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Walberg Statement: Hearing on, “The Employer Mandate: Examining the Delay and its Effect on Workplaces”
As prepared for delivery

We are well acquainted with the challenges surrounding the employer mandate, which forces businesses to provide government-approved health insurance or pay higher taxes. It seems with each passing day there are new reports of employers facing tough choices thanks to this particular provision in the health care law. The mandate applies to businesses with 50 or more full-time workers and defines such workers as employees who work 30 or more hours per work.

Our two subcommittees have broad jurisdiction over policies governing employee and employer relations. I can’t think of another federal law that considers full-time work as 30 hours. In fact, the Fair Labor Standards Act established the 40-hour work week for the purposes of federal overtime requirements, and it has been a hallmark of America’s workplaces for 75 years. Yet the health care law took a different approach, creating a perverse incentive for businesses to cut hours to avoid higher taxes.

Today roughly 12 million Americans are unemployed; more than 8 million individuals are working part-time hours but need a full-time job. According to Mort Zuckerman, editor in chief of U.S. News and World Report, the president’s health care law shares some of the blame. In a recent op-ed in the Wall Street Journal, Zuckerman describes the growing reliance on part-time workers and writes, “Little wonder that earlier this month the Obama administration announced it is postponing the employer mandate until 2015, undoubtedly to see if the delay will encourage more full-time hiring.”

Mr. Zuckerman goes on to explain, “But thousands of small businesses have been capping employment at 30 hours and not hiring more than 50 full-timers, and the businesses are unlikely to suddenly change that approach just because they received a 12-month reprieve.”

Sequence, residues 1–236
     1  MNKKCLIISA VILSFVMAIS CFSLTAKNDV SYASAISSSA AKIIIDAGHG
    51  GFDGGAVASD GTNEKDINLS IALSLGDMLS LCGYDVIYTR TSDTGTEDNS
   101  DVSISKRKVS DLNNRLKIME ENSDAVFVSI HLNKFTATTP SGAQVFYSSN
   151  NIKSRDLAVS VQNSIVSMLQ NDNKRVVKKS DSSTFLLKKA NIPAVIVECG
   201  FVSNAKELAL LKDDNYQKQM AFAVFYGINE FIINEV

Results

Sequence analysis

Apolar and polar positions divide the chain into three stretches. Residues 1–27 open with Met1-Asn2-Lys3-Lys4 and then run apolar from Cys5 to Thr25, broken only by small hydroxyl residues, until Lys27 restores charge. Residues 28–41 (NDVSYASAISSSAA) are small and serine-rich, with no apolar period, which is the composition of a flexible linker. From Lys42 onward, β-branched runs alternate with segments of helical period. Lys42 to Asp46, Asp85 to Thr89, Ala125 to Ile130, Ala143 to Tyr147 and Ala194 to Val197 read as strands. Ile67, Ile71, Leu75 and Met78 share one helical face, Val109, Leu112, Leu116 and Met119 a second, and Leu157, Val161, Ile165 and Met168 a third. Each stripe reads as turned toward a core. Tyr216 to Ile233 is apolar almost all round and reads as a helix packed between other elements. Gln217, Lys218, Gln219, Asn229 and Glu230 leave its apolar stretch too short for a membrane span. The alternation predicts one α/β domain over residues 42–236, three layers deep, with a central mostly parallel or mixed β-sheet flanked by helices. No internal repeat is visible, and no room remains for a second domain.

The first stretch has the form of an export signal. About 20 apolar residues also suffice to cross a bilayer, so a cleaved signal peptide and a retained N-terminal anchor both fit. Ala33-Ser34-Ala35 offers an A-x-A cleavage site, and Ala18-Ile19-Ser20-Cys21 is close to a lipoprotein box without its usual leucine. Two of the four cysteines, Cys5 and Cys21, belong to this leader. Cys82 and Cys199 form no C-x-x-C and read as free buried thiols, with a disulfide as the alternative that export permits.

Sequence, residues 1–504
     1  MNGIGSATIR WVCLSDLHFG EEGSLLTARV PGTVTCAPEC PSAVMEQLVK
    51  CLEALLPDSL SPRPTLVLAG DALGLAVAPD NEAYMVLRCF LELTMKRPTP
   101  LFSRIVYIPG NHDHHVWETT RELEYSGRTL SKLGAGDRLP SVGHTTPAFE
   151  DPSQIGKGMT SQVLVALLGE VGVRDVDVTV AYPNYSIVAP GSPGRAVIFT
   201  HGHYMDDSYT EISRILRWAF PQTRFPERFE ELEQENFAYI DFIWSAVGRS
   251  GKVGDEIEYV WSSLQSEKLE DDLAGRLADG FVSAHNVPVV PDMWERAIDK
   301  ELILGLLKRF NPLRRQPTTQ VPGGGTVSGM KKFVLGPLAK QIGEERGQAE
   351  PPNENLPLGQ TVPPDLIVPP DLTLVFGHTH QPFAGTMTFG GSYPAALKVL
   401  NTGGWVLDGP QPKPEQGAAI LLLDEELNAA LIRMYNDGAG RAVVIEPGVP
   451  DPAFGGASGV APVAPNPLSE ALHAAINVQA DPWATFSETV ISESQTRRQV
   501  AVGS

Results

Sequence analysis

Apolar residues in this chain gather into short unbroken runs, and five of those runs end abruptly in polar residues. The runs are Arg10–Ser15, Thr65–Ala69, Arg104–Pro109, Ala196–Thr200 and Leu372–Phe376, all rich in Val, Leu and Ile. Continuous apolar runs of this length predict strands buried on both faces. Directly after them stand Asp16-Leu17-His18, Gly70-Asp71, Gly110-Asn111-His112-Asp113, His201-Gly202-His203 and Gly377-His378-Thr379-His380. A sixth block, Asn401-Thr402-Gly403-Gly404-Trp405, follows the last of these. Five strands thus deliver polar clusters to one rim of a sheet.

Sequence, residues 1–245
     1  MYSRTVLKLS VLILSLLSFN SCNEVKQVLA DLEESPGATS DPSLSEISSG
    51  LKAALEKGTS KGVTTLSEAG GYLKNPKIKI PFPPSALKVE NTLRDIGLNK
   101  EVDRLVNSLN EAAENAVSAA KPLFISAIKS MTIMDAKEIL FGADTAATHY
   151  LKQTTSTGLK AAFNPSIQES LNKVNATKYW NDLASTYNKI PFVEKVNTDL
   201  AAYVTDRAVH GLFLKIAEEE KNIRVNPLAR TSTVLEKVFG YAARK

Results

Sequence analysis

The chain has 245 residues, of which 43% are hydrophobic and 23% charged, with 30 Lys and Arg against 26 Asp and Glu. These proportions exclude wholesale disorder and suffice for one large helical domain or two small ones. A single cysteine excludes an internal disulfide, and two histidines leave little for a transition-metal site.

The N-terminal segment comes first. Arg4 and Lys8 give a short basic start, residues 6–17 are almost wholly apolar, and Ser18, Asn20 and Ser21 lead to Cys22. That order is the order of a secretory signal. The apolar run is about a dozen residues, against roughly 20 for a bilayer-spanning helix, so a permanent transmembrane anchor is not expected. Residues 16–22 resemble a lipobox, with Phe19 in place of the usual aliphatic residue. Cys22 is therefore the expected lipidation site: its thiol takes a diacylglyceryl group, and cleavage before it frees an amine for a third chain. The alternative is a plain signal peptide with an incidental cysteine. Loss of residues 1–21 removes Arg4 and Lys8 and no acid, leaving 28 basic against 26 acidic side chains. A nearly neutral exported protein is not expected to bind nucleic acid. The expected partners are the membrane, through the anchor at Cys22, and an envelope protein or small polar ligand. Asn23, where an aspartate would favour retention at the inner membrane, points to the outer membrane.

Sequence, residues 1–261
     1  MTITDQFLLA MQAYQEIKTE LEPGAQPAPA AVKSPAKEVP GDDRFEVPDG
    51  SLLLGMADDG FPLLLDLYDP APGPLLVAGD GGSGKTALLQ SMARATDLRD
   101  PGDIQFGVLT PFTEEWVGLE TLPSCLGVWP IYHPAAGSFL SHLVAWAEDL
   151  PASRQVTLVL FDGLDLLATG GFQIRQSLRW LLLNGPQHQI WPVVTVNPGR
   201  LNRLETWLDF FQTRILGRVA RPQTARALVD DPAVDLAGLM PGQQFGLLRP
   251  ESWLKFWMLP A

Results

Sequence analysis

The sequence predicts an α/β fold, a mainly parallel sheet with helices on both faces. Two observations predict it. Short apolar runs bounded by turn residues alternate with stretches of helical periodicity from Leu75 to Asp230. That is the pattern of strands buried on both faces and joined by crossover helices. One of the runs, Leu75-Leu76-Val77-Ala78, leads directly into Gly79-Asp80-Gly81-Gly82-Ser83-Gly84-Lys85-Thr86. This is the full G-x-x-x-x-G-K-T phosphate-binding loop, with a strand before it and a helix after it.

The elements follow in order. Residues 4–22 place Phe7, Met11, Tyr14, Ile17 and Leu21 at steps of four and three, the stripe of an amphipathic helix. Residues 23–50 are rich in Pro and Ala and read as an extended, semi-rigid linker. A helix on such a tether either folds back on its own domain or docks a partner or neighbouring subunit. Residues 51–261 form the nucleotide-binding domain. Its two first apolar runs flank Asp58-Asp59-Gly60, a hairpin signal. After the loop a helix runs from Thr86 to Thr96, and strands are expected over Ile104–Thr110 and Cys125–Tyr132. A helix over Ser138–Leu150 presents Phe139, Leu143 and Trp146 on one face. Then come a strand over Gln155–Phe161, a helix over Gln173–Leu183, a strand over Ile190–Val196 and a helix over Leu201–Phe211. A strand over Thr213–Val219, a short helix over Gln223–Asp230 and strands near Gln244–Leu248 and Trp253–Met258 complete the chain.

The decision to delay enforcement of the employer mandate is more confirmation that the law is in fact a "train wreck." Republicans have long cited the failings in the law and our concerns have been dismissed as political rhetoric. Yet the more we learn about the law, the more problems we encounter and the bigger the opposition grows.  Even union leaders – once strong supporters of the law – are beginning to realize it’s hurting workers.

In a statement released in April, the United Union of Roofers, Waterproofers and Allied Workers called for “repeal or complete reform” of President Obama’s health care law. According to union President Kinsey Robinson, “In the rush to achieve its passage, many of the act’s provisions were not fully conceived, resulting in unintended consequences that are inconsistent with the promise that those who were satisfied with their employer sponsored coverage could keep it.”

Just recently officials with the International Brotherhood of Teamsters, United Food and Commercial Workers, and UNITE-HERE warned Democratic leaders that without changes the law “will shatter not only our hard-earned health benefits, but destroy the foundation of the 40 hour work week that is the backbone of the American middle class.” The union representatives continued, “We can no longer stand silent in the face of elements of the Affordable Care Act that will destroy the very health and well-being of our members along with millions of other hardworking Americans.”

Finally, earlier this month the International Brotherhood of Electrical Workers and the National Electrical Contractors Association wrote to Chairman Kline, “We cannot afford to sit on the sidelines as this law imposes increased benefit costs, fees, and new taxes on our plans. In addition, [the health care law] exempts all employers with less than 50 employees from offering health care coverage. This creates a vast competitive disadvantage for the 4,500 NECA contractors nationwide that responsibly provide coverage for their employees.”

I believe we can do better than misguided policies that destroy full-time jobs. As public opposition grows, I am hopeful we can repeal the law and begin developing solutions that will lower health care costs and provide new opportunities for America’s workers.


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